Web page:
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EC Supreme Court rules anti-buggery law unconstitutional


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EC Supreme Court rules anti-buggery law unconstitutional
The Eastern Caribbean Supreme Court has ruled a law in Antigua & Barbuda that criminalises gay sex is unconstitutional and found that “the selection of an intimate partner is a private and a personal choice” - Internet image

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ST JOHN’S – The Eastern Caribbean Alliance for Diversity and Equality (ECADE) welcomed a court ruling by the Eastern Caribbean Supreme Court (ECSC) that the Antigua & Barbuda anti-buggery law is unconstitutional.

The ECSC ruled on Tuesday that sections of the Sexual Offences Act contravene the constitutional rights of citizens.

The ruling came after an openly homosexual man and the Women Against Rape group argued that it offended their constitutional rights.

“ECADE recognises all lesbian, gay, bisexual, transgender, queer, and intersex (LGBTQI) people in Antigua & Barbuda, whose lives, livelihoods and happiness are no longer compromised by these outdated laws,” ECADE executive director, Kenita Placide said.

“The process of litigation is important, as it underscores how these laws contribute to the stigmatisation of LGBTQI people, how they legitimise hate speech, discrimination, and violence, and tear at the fabric of our society.

“Our governments have sworn to protect and uphold the rights of all and act in a manner that promotes the prosperity and well-being of all. This judgment is in keeping with this commitment.”

Executive Director of Women Against Rape, Alexandrina Wong said while the “journey was long and challenging… we made it working together”.

“May we continue to challenge and overcome the harmful beliefs and practices that hinder the full rights, dignity, and freedom of people everywhere,” she said.

“This will open up new avenues for the people of Antigua & Barbuda to work together toward greater equality, as we are not for the first time talking about LGBTQ+ people as criminals.”

Attorney Andrew O’Kola, who was led by the Trinidad-based Senior Counsel Douglas Mendes represented the claimants, said: “This victory is a step closer to achieving an end to discrimination against persons whose sexual preferences in the privacy of their home may differ from others.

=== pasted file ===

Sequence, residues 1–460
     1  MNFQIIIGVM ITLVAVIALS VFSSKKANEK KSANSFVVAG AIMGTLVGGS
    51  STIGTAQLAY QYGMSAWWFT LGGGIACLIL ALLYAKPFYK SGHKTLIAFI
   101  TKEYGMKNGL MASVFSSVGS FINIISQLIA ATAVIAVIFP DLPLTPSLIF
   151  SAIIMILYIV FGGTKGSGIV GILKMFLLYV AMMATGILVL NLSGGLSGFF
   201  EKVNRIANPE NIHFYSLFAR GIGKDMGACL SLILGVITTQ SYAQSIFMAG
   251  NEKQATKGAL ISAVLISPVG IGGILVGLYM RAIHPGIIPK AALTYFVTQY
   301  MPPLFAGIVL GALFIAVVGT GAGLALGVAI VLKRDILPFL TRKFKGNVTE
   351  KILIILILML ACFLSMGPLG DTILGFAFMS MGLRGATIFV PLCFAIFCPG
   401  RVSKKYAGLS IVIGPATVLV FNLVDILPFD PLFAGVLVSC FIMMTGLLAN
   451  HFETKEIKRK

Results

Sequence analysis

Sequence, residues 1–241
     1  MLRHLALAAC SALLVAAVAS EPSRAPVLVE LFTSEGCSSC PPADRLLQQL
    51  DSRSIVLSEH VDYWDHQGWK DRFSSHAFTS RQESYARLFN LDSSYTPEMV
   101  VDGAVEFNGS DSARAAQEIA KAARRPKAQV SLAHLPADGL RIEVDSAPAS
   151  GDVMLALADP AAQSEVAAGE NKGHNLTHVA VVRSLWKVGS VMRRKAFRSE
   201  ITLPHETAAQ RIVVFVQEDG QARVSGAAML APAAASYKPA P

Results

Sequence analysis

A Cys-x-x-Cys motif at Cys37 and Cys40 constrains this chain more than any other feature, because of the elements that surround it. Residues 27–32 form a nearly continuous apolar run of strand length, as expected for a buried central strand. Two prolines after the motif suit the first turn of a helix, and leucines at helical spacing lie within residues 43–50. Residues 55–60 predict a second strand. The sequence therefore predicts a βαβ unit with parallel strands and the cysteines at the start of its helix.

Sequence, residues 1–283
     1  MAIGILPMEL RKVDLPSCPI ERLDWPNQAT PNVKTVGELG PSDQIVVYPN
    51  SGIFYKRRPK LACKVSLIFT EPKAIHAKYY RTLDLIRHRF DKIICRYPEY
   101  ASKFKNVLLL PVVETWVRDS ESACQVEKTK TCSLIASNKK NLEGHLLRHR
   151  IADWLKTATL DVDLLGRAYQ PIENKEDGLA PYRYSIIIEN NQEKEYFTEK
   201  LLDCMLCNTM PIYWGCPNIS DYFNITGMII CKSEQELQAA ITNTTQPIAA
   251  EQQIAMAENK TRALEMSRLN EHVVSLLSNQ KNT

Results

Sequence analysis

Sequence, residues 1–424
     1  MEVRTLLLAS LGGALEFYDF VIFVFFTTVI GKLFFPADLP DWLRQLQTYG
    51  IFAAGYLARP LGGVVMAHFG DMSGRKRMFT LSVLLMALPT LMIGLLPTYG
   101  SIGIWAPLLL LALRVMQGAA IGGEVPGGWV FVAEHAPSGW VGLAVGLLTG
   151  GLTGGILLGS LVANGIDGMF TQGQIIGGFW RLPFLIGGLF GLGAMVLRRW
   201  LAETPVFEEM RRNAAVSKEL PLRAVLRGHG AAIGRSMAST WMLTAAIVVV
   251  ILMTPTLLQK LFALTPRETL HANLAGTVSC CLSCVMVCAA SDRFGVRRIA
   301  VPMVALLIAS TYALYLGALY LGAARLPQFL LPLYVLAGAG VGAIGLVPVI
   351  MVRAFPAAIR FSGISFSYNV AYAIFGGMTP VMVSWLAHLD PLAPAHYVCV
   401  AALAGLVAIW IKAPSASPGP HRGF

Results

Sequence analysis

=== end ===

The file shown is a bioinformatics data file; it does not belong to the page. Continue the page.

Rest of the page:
“The law is no longer seeking to police or legislate against what people do in their homes. Each consenting adult has a right to love and express love in the manner they choose, without the state’s intrusion.”

O’Kola told the Antigua Observer newspaper: “This monumental decision gives those oppressed by archaic sexual offences provisions hope that they too can benefit from their fundamental rights as secured by a living constitution as interpreted by the court of law.

“Antigua & Barbuda now leads the Eastern Caribbean as having recognised the illegality of punishing a person for who they love. Consensual love should never be a crime.”

In the ruling, Justice Marissa Robertson noted that Sections 12 and 15 of the Sexual Offences Act of 1995 contravene Sections 3, 12, and 17 of the Antigua & Barbuda Constitution, which speaks to an individual’s right to liberty, protection of law, freedom of expression, and protection from discrimination on the basis of sex.

The Court also ruled that both Sections 12 and 15 were “inconsistent with the rights of persons 16 years and older to engage in consensual sexual intercourse” in private.

The ECSC also ordered that the section of the Sexual Offences Act singling out intercourse must be between “a male person and a female person” be deleted and replaced with the word “persons” in keeping with the rights specified in the Constitution.

At present, the law stipulates that an individual who commits buggery (sexual intercourse by a male with a male or by a male with a female) is guilty of an offence and was liable on conviction to imprisonment – (a) for life, if committed by an adult on a minor; (b) for 15 years, if committed by an adult on another adult; (c) for five years, if committed by a minor.

Section 15, which punishes an individual for sexual indecency, excludes charges against (a) a husband and his wife; or (b) a male and a female each of whom is 16 years of age or more.

(CMC)